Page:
Cycles of Soils

Author: F. J. Stevenson

Publisher: John Wiley & Sons

ISBN: 0471320714

Category: Technology & Engineering

Page: 448

View: 165

An updated edition of the classic work on the inorganic chemistry of soils. * With its companion volume, Humus Chemistry, forms a complete, advanced-level treatment of both organic and inorganic aspects of soil chemistry. * Revised to keep pace with the latest developments in the field. * Provides more in-depth treatment of all topics.
Soil Processes and the Carbon Cycle

Author: Rattan Lal

Publisher: CRC Press

ISBN: 9781351415767

Category: Technology & Engineering

Page: 624

View: 702

World soils contain about 1500 gigatons of organic carbon. This large carbon reserve can increase atmospheric concentrations of CO2 by soil misuse or mismanagement, or it can reverse the 'greenhouse' effect by judicious land use and proper soil management. Soil Processes and the Carbon Cycle describes soil processes and their effects on the global carbon cycle while relating soil properties to soil quality and potential and actual carbon reserves in the soil. In addition, this book deals with modeling the carbon cycle in soil, and with methods of soil carbon determinations.
Soil Fertility Decline in the Tropics

Author: Alfred E. Hartemink

Publisher: CABI

ISBN: 0851998496

Category: Technology & Engineering

Page: 360

View: 378

Wide coverage of soils and perennial cropping systems in the tropicsSynthesis of decades of researchChallenges assumptions on the benefits of plantations for soil fertilityIt is generally assumed that soil fertility decline is widespread in the tropics and that this is largely associated with annual cropping and subsistence farming. In contrast, perennial plant cover (as in plantation agriculture) provides better protection for the soil.This book reviews these concepts, focusing on soil chemical changes under different land-use systems in the tropics. These include perennial crops, annual crops and forest plantations. Two case studies, on sisal plantations in Tanzania and sugar cane in Papua New Guinea, are presented for detailed analysis. The author demonstrates that soil fertility decline is also a problem on plantations.
The Changing Carbon Cycle

Author: John R. Trabalka

Publisher: Springer Science & Business Media

ISBN: 9781475719154

Category: Science

Page: 592

View: 345

The United States Government, cognizant of its responsibilities to future generations, has been sponsoring research for nine years into the causes, effects, and potential impacts of increased concentrations of carbon dioxide (C0 ) in the atmosphere. Agencies such as the National Science Foun 2 dation, National Oceanic and Atmospheric Administration, and the U.S. Department of Energy (DOE) cooperatively spent about $100 million from FY 1978 through FY 1984 directly on the study of CO • The DOE, as the 2 lead government agency for coordinating the government' s research ef forts, has been responsible for about 60% of these research efforts. William James succinctly defined our purpose when he stated science must be based upon " ... irreducible and stubborn facts." Scientific knowledge can and will reduce the present significant uncertainty sur rounding our understanding of the causes, effects, and potential impacts of increasing atmospheric CO2• We have come far during the past seven years in resolving some underlyinig doubts and in narrowing the ranges of disagreement. Basic concepts have become less murky. Yet, much more must be accomplished; more irreducible and stubborn facts are needed to reduce the uncertainties so that we can improve our knowledge base. Uncertainty can never be reduced to zero. However, with a much improved knowledge base, we will be able to learn, under stand, and be in a position to make decisions.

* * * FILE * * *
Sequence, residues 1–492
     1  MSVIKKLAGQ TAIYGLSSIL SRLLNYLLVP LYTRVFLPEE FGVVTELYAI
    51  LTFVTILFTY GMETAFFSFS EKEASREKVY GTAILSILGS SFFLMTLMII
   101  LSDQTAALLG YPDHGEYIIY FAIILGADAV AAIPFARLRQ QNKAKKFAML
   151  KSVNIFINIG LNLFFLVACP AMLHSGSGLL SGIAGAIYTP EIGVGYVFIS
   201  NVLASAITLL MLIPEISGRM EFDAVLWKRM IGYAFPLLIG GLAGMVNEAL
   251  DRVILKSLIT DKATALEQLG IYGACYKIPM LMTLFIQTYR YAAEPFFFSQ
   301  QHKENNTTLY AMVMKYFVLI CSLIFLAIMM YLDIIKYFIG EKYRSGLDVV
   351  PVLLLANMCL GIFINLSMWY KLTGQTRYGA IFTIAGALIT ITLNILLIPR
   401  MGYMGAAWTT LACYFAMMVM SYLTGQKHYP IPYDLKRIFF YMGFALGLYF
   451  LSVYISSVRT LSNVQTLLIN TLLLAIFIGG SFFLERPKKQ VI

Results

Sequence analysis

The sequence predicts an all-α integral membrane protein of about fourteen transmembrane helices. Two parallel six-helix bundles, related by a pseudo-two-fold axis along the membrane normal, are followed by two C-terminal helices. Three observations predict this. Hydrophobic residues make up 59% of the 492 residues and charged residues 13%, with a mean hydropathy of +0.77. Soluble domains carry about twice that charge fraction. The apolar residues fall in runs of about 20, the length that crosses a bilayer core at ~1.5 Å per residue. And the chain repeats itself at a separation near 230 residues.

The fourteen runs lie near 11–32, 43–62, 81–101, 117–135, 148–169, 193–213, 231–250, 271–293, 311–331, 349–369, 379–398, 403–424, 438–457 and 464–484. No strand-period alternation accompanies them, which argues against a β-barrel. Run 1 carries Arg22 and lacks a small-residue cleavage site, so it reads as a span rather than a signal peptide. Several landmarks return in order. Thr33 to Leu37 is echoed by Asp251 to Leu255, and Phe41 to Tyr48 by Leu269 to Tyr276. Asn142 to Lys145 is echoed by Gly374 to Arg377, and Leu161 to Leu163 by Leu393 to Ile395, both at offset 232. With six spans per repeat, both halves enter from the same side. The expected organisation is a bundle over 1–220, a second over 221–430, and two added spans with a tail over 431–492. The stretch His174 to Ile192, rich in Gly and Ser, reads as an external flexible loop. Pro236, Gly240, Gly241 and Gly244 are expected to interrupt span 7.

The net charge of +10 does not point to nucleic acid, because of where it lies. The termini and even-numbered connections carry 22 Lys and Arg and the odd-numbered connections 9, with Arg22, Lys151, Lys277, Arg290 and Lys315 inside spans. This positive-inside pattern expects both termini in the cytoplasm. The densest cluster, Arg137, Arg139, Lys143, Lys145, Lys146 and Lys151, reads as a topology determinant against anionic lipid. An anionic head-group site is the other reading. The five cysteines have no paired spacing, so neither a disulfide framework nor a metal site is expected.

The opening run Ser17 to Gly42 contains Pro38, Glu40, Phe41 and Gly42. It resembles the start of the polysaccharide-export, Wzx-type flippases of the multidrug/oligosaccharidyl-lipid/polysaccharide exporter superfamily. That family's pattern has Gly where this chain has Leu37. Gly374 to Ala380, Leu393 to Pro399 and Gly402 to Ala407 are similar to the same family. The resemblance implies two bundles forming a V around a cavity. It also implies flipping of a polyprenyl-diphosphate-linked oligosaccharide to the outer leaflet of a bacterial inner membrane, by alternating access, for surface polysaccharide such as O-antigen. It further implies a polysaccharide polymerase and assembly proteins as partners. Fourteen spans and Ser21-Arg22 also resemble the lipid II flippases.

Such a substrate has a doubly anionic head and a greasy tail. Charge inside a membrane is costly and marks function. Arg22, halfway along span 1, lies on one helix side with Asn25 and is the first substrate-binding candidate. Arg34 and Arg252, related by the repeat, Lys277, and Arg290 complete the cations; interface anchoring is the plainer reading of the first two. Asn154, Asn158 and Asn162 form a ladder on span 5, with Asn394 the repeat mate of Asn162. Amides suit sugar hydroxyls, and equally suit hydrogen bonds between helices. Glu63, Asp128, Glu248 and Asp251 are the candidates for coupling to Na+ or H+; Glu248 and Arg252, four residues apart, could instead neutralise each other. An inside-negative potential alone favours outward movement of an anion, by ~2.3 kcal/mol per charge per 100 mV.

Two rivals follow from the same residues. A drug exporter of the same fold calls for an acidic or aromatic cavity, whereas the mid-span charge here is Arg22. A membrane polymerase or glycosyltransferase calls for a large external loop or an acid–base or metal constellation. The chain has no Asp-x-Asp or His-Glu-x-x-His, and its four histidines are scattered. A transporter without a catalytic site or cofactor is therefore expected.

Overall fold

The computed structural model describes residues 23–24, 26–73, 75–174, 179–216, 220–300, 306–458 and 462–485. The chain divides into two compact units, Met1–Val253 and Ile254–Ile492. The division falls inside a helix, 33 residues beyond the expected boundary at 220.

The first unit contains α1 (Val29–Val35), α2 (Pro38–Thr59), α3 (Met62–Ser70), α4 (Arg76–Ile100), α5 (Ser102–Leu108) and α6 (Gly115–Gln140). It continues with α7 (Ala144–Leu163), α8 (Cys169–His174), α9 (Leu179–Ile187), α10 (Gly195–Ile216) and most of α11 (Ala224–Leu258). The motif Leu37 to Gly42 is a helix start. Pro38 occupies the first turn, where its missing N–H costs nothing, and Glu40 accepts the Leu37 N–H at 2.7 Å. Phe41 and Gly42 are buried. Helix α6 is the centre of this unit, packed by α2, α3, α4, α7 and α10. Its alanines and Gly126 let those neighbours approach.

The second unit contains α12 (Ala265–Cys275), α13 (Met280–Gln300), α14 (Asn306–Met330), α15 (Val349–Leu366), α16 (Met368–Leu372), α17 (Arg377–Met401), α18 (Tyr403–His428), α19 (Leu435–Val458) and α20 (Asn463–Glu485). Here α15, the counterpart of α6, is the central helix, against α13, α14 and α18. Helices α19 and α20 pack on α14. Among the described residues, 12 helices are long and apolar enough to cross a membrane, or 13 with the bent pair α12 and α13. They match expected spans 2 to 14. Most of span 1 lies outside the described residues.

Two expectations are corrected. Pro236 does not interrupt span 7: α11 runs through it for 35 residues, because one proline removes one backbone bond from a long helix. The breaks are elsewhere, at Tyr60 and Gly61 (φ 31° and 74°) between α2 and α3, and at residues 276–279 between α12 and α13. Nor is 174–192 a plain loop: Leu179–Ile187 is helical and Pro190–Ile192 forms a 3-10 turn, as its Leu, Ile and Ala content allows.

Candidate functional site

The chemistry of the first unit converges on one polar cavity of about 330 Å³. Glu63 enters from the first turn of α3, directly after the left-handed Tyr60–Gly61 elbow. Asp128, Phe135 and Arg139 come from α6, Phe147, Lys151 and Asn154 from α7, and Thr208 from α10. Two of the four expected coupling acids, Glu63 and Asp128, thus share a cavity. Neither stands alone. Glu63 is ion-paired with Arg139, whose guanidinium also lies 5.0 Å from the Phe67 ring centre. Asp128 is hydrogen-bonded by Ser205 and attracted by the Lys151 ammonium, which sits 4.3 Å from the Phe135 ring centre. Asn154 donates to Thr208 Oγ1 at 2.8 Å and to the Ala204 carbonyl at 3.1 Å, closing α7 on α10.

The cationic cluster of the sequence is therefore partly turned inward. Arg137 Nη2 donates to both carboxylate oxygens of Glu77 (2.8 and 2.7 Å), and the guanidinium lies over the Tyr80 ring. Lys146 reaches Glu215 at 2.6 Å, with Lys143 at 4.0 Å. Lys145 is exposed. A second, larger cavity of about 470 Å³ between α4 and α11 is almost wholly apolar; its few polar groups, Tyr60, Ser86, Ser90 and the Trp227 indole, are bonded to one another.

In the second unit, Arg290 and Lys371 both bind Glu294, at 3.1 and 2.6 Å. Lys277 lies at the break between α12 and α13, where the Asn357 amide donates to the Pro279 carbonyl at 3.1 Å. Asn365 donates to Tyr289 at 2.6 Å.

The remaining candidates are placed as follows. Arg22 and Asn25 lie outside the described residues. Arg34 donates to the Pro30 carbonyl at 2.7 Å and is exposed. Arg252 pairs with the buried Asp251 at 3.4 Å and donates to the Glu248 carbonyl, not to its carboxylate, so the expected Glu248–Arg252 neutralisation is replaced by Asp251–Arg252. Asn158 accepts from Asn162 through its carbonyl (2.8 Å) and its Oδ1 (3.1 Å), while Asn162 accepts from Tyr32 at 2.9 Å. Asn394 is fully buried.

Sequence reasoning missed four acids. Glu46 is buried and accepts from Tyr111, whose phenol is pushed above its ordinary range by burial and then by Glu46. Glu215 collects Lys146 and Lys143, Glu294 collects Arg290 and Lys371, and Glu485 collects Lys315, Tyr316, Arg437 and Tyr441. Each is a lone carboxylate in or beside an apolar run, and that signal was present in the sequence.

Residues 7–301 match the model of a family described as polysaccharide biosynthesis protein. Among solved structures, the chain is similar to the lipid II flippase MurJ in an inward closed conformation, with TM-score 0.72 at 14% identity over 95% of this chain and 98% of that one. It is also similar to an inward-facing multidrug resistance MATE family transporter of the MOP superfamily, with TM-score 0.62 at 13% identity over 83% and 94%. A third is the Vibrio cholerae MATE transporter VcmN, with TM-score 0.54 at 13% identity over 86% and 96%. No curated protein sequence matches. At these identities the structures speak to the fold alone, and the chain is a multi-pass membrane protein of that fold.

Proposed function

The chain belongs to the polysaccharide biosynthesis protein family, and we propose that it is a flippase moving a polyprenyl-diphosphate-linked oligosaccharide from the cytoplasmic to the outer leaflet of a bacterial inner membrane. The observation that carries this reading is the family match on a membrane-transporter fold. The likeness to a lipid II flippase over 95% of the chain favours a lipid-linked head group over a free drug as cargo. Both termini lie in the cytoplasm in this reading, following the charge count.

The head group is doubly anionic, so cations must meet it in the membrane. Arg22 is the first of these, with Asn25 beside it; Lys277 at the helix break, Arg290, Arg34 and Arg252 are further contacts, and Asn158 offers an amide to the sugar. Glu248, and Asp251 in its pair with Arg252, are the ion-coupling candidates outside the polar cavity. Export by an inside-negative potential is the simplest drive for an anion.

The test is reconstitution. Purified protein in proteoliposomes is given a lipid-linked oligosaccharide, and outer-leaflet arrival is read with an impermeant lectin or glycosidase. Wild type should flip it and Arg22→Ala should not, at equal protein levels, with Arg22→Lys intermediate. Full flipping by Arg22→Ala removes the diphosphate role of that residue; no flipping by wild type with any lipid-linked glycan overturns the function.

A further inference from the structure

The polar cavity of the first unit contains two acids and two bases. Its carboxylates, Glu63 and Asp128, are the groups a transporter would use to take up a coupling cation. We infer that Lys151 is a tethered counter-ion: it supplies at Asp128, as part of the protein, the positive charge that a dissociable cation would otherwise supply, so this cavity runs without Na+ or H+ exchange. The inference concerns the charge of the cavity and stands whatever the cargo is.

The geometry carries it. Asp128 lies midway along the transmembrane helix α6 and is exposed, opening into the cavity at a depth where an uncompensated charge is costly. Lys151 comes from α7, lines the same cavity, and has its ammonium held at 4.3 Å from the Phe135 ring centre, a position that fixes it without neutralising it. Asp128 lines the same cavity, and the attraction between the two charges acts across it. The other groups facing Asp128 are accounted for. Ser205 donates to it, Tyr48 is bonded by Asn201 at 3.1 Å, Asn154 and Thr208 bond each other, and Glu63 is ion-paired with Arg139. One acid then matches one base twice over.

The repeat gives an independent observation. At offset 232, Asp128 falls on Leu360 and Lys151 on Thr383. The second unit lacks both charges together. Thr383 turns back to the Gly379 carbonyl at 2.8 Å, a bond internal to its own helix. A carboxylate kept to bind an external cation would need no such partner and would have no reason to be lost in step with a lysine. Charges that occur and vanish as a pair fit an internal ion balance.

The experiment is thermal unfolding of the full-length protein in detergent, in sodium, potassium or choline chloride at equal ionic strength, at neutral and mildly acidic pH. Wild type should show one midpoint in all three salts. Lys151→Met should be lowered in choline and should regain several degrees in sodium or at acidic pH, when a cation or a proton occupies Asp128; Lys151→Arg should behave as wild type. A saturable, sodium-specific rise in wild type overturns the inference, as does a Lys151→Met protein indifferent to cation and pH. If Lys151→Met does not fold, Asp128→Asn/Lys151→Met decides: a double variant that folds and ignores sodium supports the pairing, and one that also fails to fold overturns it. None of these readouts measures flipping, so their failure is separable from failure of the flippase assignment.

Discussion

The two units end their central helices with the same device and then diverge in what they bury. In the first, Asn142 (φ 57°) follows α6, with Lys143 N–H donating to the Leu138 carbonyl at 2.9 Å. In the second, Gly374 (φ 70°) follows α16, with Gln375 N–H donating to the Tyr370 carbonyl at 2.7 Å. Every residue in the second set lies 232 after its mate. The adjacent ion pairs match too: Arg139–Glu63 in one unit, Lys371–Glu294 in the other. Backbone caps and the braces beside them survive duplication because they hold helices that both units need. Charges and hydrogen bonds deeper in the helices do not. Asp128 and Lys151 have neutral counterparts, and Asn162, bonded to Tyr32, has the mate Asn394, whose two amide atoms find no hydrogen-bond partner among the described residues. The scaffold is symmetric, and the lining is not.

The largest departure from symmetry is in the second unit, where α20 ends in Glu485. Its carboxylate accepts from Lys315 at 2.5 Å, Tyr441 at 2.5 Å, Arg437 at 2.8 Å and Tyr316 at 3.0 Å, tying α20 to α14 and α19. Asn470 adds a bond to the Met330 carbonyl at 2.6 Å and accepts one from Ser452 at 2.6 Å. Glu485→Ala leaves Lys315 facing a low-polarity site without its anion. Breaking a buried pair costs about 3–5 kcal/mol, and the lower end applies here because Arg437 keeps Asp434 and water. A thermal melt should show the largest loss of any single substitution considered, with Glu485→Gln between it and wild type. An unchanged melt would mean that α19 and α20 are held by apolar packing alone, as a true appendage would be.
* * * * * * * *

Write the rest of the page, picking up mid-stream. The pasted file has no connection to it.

Greenhouse Gas Sinks

Author: Dave Reay

Publisher: CABI

ISBN: 9781845931902

Category: Science

Page: 290

View: 589

In this first comprehensive handbook of the earth's sinks for greenhouse gases, leading researchers from around the world provide an expert synthesis of current understanding and uncertainties. It will be a valuable resource for students, researchers and practitioners in conservation, ecology and environmental studies.
Building Cities to LAST

Author: Jassen Callender

Publisher: Routledge

ISBN: 9781000510690

Category: Architecture

Page: 278

View: 459

Building Cities to LAST presents the myriad issues of sustainable urbanism in a clear and concise system, and supports holistic thinking about sustainable development in urban environments by providing four broad measures of urban sustainability that differ radically from other, less long-lived patterns: these are Lifecycle, Aesthetics, Scale, and Technology (LAST). This framework for understanding the relationship between these four measures and the essential types of infrastructure—grouped according to the basic human needs of Food, Shelter, Mobility, and Water—is laid out in a simple and easy-to-understand format. These broad measures and infrastructures address the city as a whole and as a recognizable pattern of human activity and, in turn, increase the ability of cities—and the human race—to LAST. This book will find wide readership particularly among students and young practitioners in architecture, urban planning, and landscape architecture.